In Apache territory, a supply Army column heads for the next fort, an ex-scout searches for the killer of his Indian wife, and a housewife abandons her husband in order to rejoin her Apache lover's tribe.
Marshal Wyatt Earp kills a couple of men of the Clanton gang in a fight. In revenge, Clanton's thugs kill the Marshal's brother. Thus, Wyatt starts to chase the killers together with his friend Doc Holliday.
Lieutenant McAllister is ordered to transport several ammunition wagons to another fort through Apache territory with only a small troop of rookie soldiers to guard them. Along for the ride is ex-scout Jess Remsberg who is trying to track down Ellen Grange, who, having recently been freed from Apache captivity, has mysteriously run off again to rejoin them. Remsberg frees Ellen again and leaves her with the embattled soldiers as he rides off to the fort, not only for help, but to find the man who killed and scalped his Indian wife.Written by
Doug Sederberg <email@example.com>
In 1964 it was announced that Director Ralph Nelson and Sidney Poitier, the Oscar-winning star and the director of Lilies of the Field (1963) would be re-teaming for "The Seventh File", an F.B.I. thriller. That project never came to pass, but Nelson and Poitier teamed up for this film. See more »
Approximately 8 minutes into the film, as Sidney Poitier is riding the bucking bronco, a still photographer dressed as a soldier can be seen perched on the canyon wall, taking photos. See more »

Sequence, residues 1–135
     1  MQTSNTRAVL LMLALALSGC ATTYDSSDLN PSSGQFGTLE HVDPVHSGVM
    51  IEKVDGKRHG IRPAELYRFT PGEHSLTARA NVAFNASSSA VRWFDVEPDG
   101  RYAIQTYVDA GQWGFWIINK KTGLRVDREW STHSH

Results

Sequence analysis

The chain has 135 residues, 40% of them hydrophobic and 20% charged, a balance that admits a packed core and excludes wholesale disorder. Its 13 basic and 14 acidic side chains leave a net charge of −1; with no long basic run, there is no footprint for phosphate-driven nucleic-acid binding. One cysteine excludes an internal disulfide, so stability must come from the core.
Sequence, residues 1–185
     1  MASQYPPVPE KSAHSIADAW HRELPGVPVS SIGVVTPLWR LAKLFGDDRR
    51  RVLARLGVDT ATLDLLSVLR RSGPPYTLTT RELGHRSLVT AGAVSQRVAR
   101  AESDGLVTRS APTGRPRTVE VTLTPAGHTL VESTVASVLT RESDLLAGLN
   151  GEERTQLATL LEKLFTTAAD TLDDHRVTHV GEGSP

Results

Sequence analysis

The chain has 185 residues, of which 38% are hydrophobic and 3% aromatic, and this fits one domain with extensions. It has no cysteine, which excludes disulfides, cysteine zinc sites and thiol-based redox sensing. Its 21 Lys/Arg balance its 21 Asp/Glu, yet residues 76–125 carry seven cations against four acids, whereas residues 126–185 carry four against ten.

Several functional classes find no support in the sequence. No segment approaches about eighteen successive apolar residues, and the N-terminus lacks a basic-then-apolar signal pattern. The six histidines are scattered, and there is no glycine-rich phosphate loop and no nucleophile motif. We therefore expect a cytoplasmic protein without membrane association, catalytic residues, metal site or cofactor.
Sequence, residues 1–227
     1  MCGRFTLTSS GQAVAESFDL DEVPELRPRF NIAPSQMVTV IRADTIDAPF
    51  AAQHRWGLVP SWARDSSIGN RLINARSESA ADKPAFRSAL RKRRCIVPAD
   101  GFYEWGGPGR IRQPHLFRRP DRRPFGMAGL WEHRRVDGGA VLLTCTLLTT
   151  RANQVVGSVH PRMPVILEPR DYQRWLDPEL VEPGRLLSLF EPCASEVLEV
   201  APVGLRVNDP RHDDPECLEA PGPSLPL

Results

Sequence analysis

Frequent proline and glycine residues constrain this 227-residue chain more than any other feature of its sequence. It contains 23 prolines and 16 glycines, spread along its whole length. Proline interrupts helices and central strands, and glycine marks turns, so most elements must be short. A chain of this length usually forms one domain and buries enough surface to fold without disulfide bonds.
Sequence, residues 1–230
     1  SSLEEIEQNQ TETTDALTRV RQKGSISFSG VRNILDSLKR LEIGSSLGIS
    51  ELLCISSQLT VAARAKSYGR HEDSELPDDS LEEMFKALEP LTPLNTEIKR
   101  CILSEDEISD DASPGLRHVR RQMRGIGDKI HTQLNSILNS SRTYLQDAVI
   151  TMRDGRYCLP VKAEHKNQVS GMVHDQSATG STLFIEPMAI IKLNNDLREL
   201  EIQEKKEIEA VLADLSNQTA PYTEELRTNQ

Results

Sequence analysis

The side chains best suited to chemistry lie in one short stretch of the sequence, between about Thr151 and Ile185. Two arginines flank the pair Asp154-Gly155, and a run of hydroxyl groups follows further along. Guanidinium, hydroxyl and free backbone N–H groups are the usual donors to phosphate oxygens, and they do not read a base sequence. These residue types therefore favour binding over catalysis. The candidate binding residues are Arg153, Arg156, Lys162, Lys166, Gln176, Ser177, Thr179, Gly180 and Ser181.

Lt. Scotty McAllister:
You were a pretty good sergeant once, Toller, but now you're just another money grubbing civilian.
You used to be a pretty good sergeant yourself, McAllister, but now you're just a... rank officer.
See more »
The United Artists logo is sliced off the screen with a bloody Calvary Saber, slicing an "X" across the screen, revealing the opening scene. At the end, the same saber slices the live picture away, as (sort of) a fade out. See more »
Mrs Grange is a distant relative of Christa,the heroine of Nelson's "soldier blue" ;both lived among an Indian tribe ,Mrs Grange had even a child from an Indian man:it's not surprising that the character who welcomes the baby of mixed race with warmth and tenderness is Sidney Poitier's.Besides,both Bibi Anderson and Candice Bergen are blond;it's all the more bewildering to see Anderson in a western since she is primarily an intellectual actress, famous for her roles in Bergman's works.
That said ,one can prefer the way John Ford told us about the fate of the white "squaws".
In spite of this minor quibble,"duel at Diablo" is an exciting western ,with a lot of subplots and even an unexpected twist (which makes sense),notably concerning Garner's late wife ;violence and cruelty (Indian tortures) are present and predict the final slaughter in the 1971 effort.A great scene shows Garner giving his revolver to a suffering dying man so as to he can finish HIMSELF off.Many interesting supporting parts.
4 of 5 people found this review helpful.
Was this review helpful to you?
| Report this